We thought we didn’t have a problem.
One of the myths that white people like myself tell each other is that racism is something only perpetuated by racists, and that these racists are easily identified by their dress, manner and hate speech. Since that doesn’t describe us, we declare ourselves free of racism and continue with our privileged lives, feeling secure in the knowledge that the evil of racism is something completely separate from ourselves. It’s a story designed to give us everything we want: freedom from guilt, because it’s not our fault but someone else’s, and freedom from responsibility to do anything about it. The myth doesn’t hold up to scrutiny, but then, believing it means you don’t need to scrutinize it, either.
In the aftermath of Westercon 69, we failed to follow up strongly to a complaint of a racially charged nature. In doing so, we gave the impression that we didn’t care about who was hurt. In our public statements, we left so much unsaid that members of the public were left to make their own conclusions.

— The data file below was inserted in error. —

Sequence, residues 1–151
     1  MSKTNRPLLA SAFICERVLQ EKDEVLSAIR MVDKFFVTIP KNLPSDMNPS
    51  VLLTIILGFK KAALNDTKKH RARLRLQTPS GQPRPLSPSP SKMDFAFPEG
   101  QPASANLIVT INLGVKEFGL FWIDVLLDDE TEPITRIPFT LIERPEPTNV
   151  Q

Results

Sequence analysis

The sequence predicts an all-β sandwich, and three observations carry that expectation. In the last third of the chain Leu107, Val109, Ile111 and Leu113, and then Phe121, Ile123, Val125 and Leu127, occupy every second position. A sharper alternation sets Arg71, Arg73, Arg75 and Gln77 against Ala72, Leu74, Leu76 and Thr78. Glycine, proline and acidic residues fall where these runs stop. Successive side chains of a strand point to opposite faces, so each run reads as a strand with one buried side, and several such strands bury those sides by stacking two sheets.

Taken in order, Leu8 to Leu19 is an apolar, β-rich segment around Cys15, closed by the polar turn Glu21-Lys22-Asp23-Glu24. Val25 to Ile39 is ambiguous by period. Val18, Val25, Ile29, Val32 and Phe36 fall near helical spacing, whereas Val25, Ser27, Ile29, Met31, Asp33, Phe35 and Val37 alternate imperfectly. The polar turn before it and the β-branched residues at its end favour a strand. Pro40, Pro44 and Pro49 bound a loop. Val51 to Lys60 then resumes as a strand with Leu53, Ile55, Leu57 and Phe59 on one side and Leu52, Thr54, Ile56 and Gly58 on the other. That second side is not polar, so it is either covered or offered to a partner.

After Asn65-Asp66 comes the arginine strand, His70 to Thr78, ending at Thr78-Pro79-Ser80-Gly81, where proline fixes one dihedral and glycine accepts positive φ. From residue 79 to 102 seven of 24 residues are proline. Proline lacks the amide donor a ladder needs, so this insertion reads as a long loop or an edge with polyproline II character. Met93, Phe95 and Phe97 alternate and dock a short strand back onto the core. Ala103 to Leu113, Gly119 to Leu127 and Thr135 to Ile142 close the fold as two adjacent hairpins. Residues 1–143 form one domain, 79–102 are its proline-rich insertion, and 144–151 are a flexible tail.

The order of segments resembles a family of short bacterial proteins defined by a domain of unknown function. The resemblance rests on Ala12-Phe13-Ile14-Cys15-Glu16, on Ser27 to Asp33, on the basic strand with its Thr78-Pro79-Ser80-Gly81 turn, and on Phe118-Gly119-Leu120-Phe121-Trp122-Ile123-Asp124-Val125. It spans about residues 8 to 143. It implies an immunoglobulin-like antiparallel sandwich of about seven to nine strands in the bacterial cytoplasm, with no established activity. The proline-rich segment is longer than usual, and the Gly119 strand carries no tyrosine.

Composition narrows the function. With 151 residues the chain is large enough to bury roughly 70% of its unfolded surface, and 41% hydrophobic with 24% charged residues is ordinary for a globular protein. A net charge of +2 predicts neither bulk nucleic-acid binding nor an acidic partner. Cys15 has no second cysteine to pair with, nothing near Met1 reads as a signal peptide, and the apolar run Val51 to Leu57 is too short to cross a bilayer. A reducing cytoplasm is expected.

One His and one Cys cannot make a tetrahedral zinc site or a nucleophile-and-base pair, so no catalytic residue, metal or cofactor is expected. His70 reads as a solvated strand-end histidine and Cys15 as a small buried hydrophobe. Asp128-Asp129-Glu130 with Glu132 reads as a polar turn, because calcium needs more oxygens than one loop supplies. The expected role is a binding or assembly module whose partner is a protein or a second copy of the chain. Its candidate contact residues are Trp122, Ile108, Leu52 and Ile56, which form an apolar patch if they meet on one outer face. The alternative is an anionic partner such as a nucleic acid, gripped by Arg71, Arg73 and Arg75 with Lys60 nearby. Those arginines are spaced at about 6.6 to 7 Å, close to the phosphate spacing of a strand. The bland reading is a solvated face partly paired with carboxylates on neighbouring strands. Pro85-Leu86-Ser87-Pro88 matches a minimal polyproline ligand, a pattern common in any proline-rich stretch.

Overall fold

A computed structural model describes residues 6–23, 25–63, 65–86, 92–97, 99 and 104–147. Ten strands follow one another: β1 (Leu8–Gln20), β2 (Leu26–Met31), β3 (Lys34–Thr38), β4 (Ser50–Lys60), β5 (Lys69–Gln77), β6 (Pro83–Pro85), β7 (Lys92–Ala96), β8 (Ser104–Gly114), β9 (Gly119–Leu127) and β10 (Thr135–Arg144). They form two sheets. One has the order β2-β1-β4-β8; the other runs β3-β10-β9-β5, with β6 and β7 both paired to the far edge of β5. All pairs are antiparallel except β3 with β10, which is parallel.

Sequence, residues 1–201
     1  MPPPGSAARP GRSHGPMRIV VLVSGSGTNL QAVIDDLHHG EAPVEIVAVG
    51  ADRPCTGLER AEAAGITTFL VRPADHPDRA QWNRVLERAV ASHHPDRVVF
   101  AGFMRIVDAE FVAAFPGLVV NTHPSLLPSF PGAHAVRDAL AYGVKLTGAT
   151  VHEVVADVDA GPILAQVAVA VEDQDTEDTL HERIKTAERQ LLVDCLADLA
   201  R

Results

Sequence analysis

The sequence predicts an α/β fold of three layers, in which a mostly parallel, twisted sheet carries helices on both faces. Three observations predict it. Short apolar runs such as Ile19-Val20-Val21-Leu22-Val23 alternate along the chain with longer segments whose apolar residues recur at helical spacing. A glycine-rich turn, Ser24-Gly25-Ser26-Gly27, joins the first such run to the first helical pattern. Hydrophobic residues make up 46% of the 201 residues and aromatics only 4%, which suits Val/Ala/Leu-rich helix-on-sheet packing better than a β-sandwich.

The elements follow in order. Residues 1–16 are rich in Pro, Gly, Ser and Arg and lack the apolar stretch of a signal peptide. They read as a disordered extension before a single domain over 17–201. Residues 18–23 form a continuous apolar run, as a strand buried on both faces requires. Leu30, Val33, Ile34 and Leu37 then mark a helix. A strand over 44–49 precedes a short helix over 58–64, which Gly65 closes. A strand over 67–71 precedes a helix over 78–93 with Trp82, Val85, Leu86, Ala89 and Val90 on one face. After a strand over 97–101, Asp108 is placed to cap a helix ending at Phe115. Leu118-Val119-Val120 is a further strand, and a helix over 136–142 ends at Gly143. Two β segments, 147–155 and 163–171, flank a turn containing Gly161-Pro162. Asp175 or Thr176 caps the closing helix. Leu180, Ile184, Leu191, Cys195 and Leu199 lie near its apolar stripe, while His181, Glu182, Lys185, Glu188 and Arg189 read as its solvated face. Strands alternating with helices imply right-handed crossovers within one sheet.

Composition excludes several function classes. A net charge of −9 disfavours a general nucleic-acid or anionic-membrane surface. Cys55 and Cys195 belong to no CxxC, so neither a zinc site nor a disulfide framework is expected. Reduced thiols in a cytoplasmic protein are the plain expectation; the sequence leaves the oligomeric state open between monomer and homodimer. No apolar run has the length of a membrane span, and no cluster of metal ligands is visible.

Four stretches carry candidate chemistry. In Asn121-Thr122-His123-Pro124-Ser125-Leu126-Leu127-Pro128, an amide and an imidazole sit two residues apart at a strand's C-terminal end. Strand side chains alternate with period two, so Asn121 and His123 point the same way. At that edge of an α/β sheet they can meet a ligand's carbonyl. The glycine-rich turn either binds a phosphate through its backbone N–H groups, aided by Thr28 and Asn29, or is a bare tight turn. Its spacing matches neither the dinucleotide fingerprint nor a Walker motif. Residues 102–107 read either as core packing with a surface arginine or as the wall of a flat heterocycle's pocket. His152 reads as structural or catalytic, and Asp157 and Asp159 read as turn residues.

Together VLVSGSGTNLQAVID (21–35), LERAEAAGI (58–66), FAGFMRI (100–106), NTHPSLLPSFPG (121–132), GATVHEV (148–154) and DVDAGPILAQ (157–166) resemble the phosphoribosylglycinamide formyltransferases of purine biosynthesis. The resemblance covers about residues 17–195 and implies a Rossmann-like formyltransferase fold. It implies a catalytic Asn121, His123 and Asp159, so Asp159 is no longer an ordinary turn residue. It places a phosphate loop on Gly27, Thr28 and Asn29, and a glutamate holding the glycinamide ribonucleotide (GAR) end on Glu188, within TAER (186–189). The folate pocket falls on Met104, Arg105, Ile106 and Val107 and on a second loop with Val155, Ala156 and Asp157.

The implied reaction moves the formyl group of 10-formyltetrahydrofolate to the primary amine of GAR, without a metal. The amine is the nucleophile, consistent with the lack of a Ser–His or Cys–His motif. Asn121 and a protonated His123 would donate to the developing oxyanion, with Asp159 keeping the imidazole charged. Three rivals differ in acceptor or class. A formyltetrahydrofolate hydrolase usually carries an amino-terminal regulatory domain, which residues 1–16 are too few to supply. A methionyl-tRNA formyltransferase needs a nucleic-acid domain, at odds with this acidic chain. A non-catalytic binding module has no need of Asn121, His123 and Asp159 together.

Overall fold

The reaction to our tepid response was a wake up call. Our actions did not match up with the words in our own Code of Conduct. Since then we have had many conversations. We need to make sure our Code is not just empty words. We need to educate ourselves to see the things we have been blind to, in order to change our culture to meet our stated ideals.
This is just the start of a continuing journey. I want our events to be more inclusive, more welcoming, more diverse. We are going to move forward, and on the way we will make mistakes, and fail in ways we do not expect. But we will keep learning.
Thank you for listening.